Apr 142011

Today I was trying to help someone with a regular expression to match an e-mail address.  He was developing on a Solaris server and sent me the regular expression outlined in RFC 822 which outlines message formatting for e-mail headers.  The command he sent me to test with took a little tweaking, but I eventually came up with:

Pretty straight-forward.  Search for any alphanumeric, dot, underscore, percent sign, plus sign, or dash, repeating one or more times followed by an ‘@’ sign, then another alphanumeric, dot or dash, repeated one or more times, a dot, and then an alphabetical character repeated 2, 3, or 4 times.

The thing that gets me is that this command worked on my Mac.  It worked on a Linux server.  I sent it back to him, he tried it, and… it didn’t work.  After poking around a little bit, I determined that it was because on Solaris for this to work correctly, you need to use /usr/xpg4/bin/egrep rather than /bin/egrep, which brings me to the original reason for this post.  On Solaris, there are no fewer than four places where you may find standard OS commands – /bin, /usr/xpg4/bin, /usr/ucb, and /usr/sfw/bin.  A couple other third party distributors will also package core OS utilities (like the GNU toolset) and install them in their own directory under /opt.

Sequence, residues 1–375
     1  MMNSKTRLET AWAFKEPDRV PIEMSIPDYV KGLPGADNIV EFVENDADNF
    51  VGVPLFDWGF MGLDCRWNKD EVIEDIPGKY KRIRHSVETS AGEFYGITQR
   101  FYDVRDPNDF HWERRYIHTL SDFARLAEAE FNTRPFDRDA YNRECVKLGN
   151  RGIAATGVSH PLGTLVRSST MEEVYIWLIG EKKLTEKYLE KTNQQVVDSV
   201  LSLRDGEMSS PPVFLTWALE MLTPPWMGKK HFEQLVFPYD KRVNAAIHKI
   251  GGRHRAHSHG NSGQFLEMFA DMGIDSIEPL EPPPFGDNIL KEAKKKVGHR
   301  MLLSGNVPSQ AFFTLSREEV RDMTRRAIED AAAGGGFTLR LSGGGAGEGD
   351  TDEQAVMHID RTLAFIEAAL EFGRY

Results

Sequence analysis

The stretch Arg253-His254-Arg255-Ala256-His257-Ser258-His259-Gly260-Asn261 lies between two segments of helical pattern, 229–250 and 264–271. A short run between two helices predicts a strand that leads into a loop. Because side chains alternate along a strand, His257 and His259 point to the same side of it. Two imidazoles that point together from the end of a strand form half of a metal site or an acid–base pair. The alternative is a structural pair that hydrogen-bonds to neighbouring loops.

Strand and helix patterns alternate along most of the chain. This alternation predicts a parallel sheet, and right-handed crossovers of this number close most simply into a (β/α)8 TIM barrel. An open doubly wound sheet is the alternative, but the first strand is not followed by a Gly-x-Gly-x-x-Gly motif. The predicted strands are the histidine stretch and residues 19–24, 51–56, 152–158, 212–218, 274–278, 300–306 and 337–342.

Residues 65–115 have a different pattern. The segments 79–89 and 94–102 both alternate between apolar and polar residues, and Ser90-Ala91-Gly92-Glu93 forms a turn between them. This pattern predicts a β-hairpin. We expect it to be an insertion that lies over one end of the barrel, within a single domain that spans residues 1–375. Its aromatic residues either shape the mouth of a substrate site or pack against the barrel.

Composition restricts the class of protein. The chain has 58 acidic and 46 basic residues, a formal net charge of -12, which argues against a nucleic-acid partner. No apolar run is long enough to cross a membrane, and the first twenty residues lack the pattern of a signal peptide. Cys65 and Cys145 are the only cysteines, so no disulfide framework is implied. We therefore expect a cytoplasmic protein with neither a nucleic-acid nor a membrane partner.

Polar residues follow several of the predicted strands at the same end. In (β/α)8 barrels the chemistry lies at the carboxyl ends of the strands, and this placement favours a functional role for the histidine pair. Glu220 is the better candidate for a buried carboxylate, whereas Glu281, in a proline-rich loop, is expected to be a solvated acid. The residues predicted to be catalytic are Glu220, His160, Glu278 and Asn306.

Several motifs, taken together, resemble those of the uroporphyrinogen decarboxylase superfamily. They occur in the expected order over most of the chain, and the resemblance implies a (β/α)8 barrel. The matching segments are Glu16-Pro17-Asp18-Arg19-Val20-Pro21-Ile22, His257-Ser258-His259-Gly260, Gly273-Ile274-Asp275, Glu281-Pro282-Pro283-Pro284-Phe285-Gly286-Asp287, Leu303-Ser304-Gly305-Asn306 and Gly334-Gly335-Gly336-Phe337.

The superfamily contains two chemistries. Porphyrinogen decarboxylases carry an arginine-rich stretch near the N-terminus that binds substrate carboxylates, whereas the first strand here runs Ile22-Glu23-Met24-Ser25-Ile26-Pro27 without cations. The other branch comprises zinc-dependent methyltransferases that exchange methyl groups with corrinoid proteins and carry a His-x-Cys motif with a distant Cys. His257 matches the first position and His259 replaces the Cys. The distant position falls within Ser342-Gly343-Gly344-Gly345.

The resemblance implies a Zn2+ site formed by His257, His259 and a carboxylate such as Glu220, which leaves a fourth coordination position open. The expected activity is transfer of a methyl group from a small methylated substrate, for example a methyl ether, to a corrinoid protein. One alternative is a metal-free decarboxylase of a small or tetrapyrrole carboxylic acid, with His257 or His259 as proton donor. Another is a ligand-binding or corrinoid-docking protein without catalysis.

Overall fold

Larry Ellison and His Sausage

Larry Ellison - It's his sausage, but it's not his fault.


I’d like to blame Oracle for this, but quite frankly, Sun has been doing this since I can remember with Solaris 2.5.1, which is the earliest version I’ve worked with.  I’ve been getting annoyed by this quite frequently lately, and it was finally time for me to vent.  Thank you for listening and remember, when you are on Solaris and you want to run a basic command, you must choose.  But choose wisely.  Today, with /bin/egrep, I chose… poorly.